What is the real definition of love? Many people have different interpretations of the small yet powerful word. However, in William Shakespeare’s play A Midsummer Night’s Dream the definition becomes rather twisted. Pure and real love does exist within the characters but is all of the love at the end of this play authentic? Love exists in A Midsummer Night’s dream before Oberon and Puck sets magic upon others which then causes some of the true love to instantly disappear.
In A Midsummer's Night Dream there is a great deal of mirth and whimsy and the supernatural elements are more of a mischievous variety than any kind of sinister entities. For example, in keeping with the humorous order of the day within the play, Shakespeare gives us elements of the supernatural that add to the mood and theme of the piece. For instance, we see supernatural forces in characters like Oberon, "a spirit of another sort", lord of the Realm of Dreams who represents the "white light of dawn" (Lucy 8). Queen Mab and a host of faeries also inhabit this realm of mortals who would be fools. The overall effect o... ... middle of paper ... ...nopsis.htm Dec. 20, 1998: 1.
2 (1992): 218-38. Web. Apr 2014. Miller, Ronald F. “A Midsummer Night's Dream: The fairies, Bottom, and the mystery of things”. Shakespeare Quarterly 26.3 (1975): 254-68.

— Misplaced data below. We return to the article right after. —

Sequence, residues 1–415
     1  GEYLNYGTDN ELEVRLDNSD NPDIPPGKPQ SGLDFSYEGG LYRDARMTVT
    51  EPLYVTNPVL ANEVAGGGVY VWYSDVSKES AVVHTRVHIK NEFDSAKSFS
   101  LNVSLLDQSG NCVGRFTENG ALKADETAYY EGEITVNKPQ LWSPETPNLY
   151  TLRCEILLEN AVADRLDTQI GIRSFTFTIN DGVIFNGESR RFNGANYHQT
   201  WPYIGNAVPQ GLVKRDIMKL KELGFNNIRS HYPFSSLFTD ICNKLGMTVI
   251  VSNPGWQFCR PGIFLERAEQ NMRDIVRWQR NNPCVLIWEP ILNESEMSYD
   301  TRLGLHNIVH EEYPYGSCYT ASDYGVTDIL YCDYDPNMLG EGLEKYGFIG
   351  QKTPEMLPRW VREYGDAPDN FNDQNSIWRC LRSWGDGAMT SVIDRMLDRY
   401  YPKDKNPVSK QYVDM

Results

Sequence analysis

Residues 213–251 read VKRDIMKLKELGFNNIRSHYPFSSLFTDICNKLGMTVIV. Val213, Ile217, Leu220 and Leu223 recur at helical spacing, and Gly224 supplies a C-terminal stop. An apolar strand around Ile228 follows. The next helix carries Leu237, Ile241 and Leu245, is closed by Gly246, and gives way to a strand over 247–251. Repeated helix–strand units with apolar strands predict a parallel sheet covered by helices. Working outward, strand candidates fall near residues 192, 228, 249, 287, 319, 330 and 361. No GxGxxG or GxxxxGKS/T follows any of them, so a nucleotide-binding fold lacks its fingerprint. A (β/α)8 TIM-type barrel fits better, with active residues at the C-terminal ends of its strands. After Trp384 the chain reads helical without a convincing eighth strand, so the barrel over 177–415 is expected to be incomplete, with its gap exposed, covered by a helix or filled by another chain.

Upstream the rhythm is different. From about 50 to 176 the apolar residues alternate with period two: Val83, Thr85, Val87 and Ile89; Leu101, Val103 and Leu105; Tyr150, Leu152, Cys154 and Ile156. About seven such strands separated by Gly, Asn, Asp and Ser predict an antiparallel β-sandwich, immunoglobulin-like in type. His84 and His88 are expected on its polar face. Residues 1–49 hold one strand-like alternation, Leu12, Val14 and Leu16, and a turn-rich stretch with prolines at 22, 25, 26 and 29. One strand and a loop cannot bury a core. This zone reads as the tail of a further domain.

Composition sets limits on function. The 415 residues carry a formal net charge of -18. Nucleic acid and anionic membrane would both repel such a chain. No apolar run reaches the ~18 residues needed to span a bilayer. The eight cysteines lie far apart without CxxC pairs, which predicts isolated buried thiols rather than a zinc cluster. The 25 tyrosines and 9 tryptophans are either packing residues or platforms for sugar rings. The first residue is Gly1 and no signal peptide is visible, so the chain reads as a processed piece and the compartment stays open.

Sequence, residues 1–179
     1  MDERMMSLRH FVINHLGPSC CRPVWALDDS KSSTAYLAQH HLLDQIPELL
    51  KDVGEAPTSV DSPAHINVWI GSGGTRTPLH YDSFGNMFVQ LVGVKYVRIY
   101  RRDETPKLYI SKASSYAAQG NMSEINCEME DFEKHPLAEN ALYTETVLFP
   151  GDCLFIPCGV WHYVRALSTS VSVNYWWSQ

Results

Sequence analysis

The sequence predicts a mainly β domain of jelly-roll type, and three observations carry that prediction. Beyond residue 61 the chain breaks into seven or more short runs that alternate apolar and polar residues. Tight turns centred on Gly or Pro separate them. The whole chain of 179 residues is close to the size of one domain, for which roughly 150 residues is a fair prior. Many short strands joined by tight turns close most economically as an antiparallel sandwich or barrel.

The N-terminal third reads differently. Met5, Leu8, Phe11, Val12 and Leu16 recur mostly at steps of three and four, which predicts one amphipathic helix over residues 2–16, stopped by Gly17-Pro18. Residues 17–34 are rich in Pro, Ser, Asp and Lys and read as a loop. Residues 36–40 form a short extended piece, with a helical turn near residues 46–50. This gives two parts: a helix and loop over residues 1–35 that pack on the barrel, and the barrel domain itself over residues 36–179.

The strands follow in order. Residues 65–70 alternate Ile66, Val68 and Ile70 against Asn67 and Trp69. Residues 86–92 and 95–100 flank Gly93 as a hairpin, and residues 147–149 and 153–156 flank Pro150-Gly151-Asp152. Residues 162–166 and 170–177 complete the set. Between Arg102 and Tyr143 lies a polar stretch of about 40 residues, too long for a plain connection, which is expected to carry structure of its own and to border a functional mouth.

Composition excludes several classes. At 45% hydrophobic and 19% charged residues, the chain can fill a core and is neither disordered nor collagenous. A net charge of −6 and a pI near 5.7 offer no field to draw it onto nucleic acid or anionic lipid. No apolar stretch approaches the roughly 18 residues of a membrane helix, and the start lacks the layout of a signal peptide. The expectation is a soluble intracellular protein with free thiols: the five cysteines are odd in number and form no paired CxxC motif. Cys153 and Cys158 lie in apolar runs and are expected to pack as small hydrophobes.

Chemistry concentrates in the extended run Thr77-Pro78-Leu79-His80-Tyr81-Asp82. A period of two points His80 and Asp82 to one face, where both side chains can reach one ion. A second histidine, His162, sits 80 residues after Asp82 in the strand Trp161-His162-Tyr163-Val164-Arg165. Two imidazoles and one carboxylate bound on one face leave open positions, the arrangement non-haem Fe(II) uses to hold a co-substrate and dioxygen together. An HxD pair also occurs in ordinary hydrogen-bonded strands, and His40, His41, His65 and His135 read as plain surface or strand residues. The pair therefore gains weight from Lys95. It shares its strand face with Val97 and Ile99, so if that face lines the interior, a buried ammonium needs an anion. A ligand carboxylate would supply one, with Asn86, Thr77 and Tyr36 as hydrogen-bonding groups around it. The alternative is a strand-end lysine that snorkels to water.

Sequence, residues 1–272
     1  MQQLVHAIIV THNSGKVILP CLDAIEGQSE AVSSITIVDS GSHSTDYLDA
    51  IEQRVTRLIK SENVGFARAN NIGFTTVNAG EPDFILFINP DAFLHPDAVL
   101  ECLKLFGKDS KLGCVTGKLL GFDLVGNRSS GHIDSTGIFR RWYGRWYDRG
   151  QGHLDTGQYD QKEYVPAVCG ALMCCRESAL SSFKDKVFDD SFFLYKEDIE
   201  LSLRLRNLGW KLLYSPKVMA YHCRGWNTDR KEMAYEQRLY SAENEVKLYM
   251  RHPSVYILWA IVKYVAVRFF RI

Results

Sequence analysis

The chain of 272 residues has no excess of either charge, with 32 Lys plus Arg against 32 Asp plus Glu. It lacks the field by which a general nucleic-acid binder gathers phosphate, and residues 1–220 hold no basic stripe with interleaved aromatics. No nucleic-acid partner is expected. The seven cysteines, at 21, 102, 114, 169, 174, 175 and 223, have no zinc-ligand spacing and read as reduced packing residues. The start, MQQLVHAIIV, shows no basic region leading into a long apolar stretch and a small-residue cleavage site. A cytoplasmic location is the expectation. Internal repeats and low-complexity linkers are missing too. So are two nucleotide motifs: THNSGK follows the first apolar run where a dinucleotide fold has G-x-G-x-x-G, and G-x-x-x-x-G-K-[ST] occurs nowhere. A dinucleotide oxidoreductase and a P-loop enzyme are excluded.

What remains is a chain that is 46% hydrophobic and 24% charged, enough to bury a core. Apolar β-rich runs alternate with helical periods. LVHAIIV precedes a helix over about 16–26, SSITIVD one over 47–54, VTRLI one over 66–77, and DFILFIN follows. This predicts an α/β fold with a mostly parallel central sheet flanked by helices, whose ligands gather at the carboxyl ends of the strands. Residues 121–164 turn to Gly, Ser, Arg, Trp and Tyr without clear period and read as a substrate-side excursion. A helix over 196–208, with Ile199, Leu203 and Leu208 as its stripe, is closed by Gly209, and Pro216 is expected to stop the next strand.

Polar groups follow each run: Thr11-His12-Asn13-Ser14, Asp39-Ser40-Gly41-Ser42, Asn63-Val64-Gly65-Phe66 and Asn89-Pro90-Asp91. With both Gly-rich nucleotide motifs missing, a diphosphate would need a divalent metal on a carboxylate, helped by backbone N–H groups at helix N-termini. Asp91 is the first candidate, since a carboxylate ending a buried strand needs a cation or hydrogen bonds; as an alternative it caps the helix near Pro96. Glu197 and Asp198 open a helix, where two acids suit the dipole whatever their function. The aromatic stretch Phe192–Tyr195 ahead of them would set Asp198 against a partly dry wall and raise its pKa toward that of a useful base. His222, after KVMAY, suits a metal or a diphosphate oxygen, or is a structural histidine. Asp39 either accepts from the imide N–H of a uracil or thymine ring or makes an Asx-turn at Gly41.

Prospero’s Magic in Shakespeare's The Tempest In order to understand the full effect the character of Prospero, in Shakespeare's The Tempest, would have had on the audience, it is important to understand how magic was regarded during the time. During the Tudor and early Stuart periods, interest in magic ran high, and attitudes toward magic were varied and complex. For instance, magic was to be avoided by God-fearing men, but "God permitted magic partly to demonstrate, by its overthrow, his own miraculous powers, and partly as one of the pitfalls that appeared in the world as a result of original sin" (Traister 3). Also, many scholars and philosophers were magicians, and it was difficult to draw a line between magic and science since medicine and astronomy were often associated with magic. So, people sought to clarify the ambiguities by distinguishing demonic magic from natural magic, or black magic from white magic.